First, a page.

Disappointing US ADP private payroll numbers registered its lowest reading seen since Mar 2010, adding only 27k jobs versus a 180k forecast. It suggests that the private sector, including manufacturing, construction and mining companies are reluctant to hire amid rising trade tensions.
Small businesses lost 52k jobs last month. May’s reading marks a sharp decline from the previous month, which saw 271k private jobs added.
The US economy is likely to moderate in the months to come, as global cyclical slowdown deepens on the rise of trade tariffs and manufacturing activities around the globe deteriorate further. Analysts forecast the US economy could grow at a slower pace of 1.5% in the April – June quarter.
The lacklustre ADP jobs report led markets to put a lower expectation on this Friday’s non-farm payroll report, with 185k increase in jobs expected.
The equity market, however, chose to ignore a deteriorating fundamental picture and hope that the Fed will soon cut rates to save the world. According to the CME Fed watch, the likelihood of a Fed rate cut by the end of this year has surged to over 98%. The future’s market is now pricing in the probability of one, two, and three rate cuts at 11%, 31% and 36% respectively. The US dollar Index has reached a peak at 98.0 area and since entered into retracement. This helped to alleviate pressure on US equities and EM assets over the last couple of days.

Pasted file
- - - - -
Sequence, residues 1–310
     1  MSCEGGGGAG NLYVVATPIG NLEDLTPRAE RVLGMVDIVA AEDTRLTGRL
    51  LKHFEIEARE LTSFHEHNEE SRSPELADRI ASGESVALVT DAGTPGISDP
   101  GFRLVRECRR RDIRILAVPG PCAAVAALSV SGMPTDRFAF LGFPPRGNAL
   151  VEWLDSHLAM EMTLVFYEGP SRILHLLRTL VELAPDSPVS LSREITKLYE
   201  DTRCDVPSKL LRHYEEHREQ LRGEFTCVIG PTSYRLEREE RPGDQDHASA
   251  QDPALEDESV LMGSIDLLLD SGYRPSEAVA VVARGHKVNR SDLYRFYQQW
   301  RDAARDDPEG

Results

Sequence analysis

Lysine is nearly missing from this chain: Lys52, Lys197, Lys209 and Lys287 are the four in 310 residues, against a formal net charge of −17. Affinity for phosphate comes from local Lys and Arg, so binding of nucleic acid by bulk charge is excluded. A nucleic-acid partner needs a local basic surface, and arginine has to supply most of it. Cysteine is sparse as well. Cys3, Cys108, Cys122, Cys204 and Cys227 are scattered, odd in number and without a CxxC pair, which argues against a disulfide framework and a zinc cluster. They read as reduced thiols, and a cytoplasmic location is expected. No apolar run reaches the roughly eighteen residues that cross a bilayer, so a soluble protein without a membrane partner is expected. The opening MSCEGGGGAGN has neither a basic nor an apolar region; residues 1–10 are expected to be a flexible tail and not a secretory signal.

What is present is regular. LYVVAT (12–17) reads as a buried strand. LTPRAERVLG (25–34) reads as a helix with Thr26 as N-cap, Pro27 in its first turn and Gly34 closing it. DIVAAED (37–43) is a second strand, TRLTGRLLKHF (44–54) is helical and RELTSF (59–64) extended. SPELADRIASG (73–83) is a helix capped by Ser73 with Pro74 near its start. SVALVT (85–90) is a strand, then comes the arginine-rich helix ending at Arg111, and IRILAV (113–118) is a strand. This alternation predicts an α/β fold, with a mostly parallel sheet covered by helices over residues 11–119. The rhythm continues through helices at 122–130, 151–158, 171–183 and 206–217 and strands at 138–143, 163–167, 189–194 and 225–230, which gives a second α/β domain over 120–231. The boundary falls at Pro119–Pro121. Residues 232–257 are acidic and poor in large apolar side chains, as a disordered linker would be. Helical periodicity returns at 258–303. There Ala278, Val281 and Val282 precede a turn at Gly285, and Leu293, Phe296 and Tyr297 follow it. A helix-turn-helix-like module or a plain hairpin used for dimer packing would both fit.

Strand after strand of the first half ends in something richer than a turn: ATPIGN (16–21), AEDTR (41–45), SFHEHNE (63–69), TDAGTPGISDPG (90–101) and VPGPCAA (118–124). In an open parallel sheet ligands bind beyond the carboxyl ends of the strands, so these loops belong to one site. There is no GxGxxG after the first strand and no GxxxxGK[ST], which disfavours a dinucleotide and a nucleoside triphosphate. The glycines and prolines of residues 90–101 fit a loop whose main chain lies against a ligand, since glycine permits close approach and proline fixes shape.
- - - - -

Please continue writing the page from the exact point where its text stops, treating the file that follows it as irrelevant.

The S&P 500 index rallied for a second day back to above 2,820 points. Real Estates (+2.33%), utilities (+2.14%), IT (+1.38%) and Consumer Staples (+1.12%) were among the top gainers whereas energy (-1.08%) was lagging as oil prices edged lower.
Given the background of elevated trade uncertainties and sour fundamental elements, the sustainability of this stock market rally is questionable. Technically, the S&P 500 index is still in a bearish trend as its SuperTrend (10,3) remains in a bearish setup. Immediate support level can be found at 2,800 and then 2,711 points.
The oil market continued its bearish trajectory last night, hammered by a much higher than expected US DoE crude inventory reading. It shows that US commercial crude inventory surged by 6.77 million barrels over the past week, compared to a forecast of a 1.5 million barrels drop. Inventory has climbed up by significant amount over three out of the last four weeks, suggesting that supply overshot demand, and that inhibited oil prices.
Brent oil is still in a deep correction phase, as its SuperTrend (10,2) and 10-Day SMA are both sloped downwards. Momentum indicators RSI and DMI, however, has shown signs of temporary oversold and a technical rebound is possible in the near term.
US Private Payrolls Forecast
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